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Songs for singers by Sam Shalabi

by Archives January 29, 2008

Sam Shalabi has become known as one of Montreal’s most creative and eclectic musicians. Shalabi is constantly pushing the limits of free improvisation and experimental music with elements of psych, noise, post-rock, avant-jazz and some weird electronics and field recordings thrown in for good measure. So what far-out concept does Shalabi have for his new solo release Eid?
“There are actually songs on this album . . . people singing songs.” What a crazy idea! But before you start throwing around Cole Porter comparisons, it should be realized that this only scratches the surface. “I wanted to write music for singers,” Shalabi explains.
“I started from the idea of writing vocal songs and see where I could go with that. Usually I start with an abstract idea or concept and see if I can make a song out of it, but here I start with a song and see where it goes from there.”
And where it goes is far removed from what one might expect from a conventional pop song.
Along with his usual smorgasbord of sounds and styles, Shalabi has added a heavy Middle-Eastern influence to the mix since returning from Cairo, where he recently lived for nearly a year, and composed much of the material for Eid.
“I was influenced by all the different kinds of music and scenes there, traditional and non-traditional. I was inspired by how open the music is and all the different styles they let into their music.”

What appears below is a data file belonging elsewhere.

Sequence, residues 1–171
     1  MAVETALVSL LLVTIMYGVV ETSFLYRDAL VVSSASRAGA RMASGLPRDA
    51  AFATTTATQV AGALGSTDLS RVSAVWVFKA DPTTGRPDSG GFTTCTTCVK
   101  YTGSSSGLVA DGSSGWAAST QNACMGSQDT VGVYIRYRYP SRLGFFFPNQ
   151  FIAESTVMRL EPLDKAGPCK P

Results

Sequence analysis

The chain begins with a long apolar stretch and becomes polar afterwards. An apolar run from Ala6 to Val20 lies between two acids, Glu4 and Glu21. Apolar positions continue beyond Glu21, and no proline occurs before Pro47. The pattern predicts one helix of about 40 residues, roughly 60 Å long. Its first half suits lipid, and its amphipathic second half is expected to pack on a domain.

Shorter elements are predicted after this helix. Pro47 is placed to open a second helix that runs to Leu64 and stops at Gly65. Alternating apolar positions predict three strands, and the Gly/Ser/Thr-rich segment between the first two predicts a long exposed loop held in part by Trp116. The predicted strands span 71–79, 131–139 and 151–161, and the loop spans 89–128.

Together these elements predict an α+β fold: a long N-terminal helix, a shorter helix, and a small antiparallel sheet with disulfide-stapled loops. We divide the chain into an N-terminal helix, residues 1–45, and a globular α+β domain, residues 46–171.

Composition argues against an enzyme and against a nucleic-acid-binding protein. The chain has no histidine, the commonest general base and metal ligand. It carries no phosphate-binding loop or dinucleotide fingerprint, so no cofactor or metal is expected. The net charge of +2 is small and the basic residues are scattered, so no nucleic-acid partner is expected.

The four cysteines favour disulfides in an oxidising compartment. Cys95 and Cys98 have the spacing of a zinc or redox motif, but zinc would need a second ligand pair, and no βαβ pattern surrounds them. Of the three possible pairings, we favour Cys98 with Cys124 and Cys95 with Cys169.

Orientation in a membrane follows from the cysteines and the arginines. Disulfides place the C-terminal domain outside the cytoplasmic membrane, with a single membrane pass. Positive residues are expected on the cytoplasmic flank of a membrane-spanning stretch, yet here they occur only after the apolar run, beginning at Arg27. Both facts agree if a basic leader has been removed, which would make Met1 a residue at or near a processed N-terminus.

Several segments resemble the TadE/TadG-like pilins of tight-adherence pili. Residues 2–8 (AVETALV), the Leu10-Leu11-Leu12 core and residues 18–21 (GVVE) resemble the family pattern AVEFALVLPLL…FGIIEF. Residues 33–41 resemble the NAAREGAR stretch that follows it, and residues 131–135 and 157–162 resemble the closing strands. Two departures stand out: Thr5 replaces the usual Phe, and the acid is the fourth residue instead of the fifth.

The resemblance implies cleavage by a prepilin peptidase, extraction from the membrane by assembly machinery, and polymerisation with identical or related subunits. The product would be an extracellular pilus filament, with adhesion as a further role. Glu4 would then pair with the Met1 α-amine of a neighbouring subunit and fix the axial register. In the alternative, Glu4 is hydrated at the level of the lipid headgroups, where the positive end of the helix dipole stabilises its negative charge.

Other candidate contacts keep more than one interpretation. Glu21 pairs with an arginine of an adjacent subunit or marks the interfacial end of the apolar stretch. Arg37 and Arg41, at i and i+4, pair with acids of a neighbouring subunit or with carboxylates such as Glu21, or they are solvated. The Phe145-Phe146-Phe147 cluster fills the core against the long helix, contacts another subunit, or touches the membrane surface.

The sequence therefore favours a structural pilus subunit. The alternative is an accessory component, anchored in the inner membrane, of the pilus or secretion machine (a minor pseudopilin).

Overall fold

On Eid, Shalabi is able to reconcile sounds and styles that ordinarily have no business being in the same song. Drastically, but never awkwardly, a song can shift from traditional Eastern folk to spaghetti western to a face-melting guitar solo without anyone knowing exactly how, not even Shalabi.
“I like the idea of not knowing exactly what you’re doing and letting the music take you some place else. I don’t feel the need to just play one style. I prefer to try something that I haven’t done and see where it goes; that’s what makes it fun and interesting.”
So now that Shalabi is a big shot in the vocal music scene, it seems appropriate that the second song on the album is titled “Jessica Simpson.”
Though lyrically more of a Walter Benjamin-inspired cultural analysis than an homage to the confused Pizza Hut bombshell, Shalabi did reveal his connection with Simpson:
“We dated for several years.”

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